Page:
Digital Art

Digital art is a very young form of art that can be found almost exclusively on the Internet. With the acquisition of the first PCs in the 80/90s (supplemented by appropriate graphics software that made painting and designing with the computer possible in the first place), the first attempts to use the computer as an artistic medium also began. And since art always seeks a stage for representation, the Internet became the platform for digital art.

Very quickly a subculture emerged here, beyond the usual art channels. The variety and quality of the works shows a very wide range and there are many different terms in this context, e.g. computer-generated art, computer art, computer graphics, cyber art, etc., which are used as synonyms for digital art.

The artists themselves have started to name their works after the software they mainly work with. Similar to woodcut, watercolor or lithography, there are photopaintings in digital art,

3D images, vector graphics, mathematical art and mixed media

The basis of the pictures is usually a photo or a scanned sketch. Through digital manipulation, filtering processes and painting, the image is processed and transformed over many stages into a completely new form.

Example 3D art. 3D Image Approach, created with Corel Dream 3D. 3D images are created using one or more 3D programs, e.g. Bryce, Dream 3D, Poser, Raydream, etc., which allow the artist to create, illuminate and “photograph” photorealistic scenes, i.e. at the end of each work is the rendering process, which converts the 3-dimensional space into a 2-dimensional image.

Example vector graphics

White margarites on a blue background, drawn with Corel Draw.vector graphics allow drawing with so-called Bezier curves. In contrast to the rather picturesque photo-paintings (bitmaps), the result is completely pixel-free lines and areas. Vector graphics are mainly used for graphic design work such as type design, illustration, animation and comics.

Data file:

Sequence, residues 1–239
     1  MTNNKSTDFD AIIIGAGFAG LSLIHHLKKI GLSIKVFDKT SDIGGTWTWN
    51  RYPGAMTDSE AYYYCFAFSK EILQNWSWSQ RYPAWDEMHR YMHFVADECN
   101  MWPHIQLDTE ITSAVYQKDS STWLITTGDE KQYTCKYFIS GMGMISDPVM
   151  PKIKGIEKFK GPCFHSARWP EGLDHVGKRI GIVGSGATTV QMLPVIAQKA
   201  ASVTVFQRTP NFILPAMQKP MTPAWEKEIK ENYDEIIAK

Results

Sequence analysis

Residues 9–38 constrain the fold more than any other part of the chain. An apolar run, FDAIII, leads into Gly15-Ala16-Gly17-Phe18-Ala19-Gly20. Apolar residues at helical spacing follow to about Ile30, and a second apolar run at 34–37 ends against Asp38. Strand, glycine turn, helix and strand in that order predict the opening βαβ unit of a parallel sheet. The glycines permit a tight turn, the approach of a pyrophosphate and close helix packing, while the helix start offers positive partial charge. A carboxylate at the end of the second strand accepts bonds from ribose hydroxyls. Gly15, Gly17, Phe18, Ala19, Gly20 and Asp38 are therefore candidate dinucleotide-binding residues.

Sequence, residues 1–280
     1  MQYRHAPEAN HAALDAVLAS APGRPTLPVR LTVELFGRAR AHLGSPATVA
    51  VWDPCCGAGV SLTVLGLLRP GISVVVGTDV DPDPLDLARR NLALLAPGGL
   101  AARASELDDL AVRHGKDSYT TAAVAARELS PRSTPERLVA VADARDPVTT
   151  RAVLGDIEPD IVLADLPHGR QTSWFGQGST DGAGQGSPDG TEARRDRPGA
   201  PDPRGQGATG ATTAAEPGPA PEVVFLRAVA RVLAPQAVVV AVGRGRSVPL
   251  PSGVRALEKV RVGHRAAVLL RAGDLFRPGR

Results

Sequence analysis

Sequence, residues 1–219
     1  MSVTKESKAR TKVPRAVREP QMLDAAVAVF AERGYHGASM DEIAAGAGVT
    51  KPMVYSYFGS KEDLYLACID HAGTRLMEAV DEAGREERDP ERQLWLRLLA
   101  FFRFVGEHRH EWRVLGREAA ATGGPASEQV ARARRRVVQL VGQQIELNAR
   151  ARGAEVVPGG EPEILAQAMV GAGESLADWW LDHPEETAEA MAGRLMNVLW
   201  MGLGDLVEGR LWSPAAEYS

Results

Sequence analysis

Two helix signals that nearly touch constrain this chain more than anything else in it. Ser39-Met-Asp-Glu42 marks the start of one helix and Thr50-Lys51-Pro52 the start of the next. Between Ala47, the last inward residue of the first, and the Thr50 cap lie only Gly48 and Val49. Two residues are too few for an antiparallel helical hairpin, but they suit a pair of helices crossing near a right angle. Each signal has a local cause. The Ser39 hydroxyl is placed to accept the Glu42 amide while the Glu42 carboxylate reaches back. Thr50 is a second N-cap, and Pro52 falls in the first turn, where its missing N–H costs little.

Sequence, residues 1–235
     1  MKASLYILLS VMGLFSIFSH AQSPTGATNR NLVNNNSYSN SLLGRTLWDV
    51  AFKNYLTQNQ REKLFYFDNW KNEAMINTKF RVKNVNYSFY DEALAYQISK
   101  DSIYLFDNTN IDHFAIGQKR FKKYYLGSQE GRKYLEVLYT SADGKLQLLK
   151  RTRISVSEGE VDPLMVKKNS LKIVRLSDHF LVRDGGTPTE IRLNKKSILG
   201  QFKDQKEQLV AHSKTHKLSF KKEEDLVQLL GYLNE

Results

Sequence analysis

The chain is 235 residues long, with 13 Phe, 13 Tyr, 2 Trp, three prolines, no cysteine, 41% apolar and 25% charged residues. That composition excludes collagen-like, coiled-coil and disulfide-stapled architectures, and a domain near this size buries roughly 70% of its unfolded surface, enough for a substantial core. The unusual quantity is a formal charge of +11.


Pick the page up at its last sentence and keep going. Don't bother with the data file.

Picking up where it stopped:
Example Mathematical Art

Computer-generated fractal, intensively post-processed and designed with Adobe PhotoshopThe abstract mathematical art (also algorithmic art) is the purest form of digital art, because without computers it would not be possible. The artist uses complex mathematical formulas to generate dynamic forms, such as fractals, which he then colors and digitally processes.

Mixed Media

A very important design tool is still to be mentioned: The light. Digital pictures have a very special intense coloration. This is due to the fact that the computer can only create pure color areas (i.e. they do not mix with a carrier such as paper or canvas) which, with the light behind them, appear particularly bright on the monitor. There are voices that plead for showing digital works only in their original medium, the computer. In the meantime, however, there are printers that reproduce computer images almost authentically.

I myself discovered the computer in 1995 as my very personal artistic means of expression. Professionally, I had already used the computer for designing advertising material and for illustrations (vector graphics). In 1995 I designed an example of image processing: photo of a white orchid, processed with fractals. For a printing company I designed a flower calendar, which should be clearly identifiable as computer work. In this way I discovered the fractals, which from now on should not let me go. I used my own photos, which I edited on the screen with fractals. Fractals can be applied directly to an image or photo and are wonderfully suited to take up, enhance and underline elements of the image. The rendering process for a single fractal took about 25-60 minutes with my 4/86 in 1995. An elaborate, but also unique work.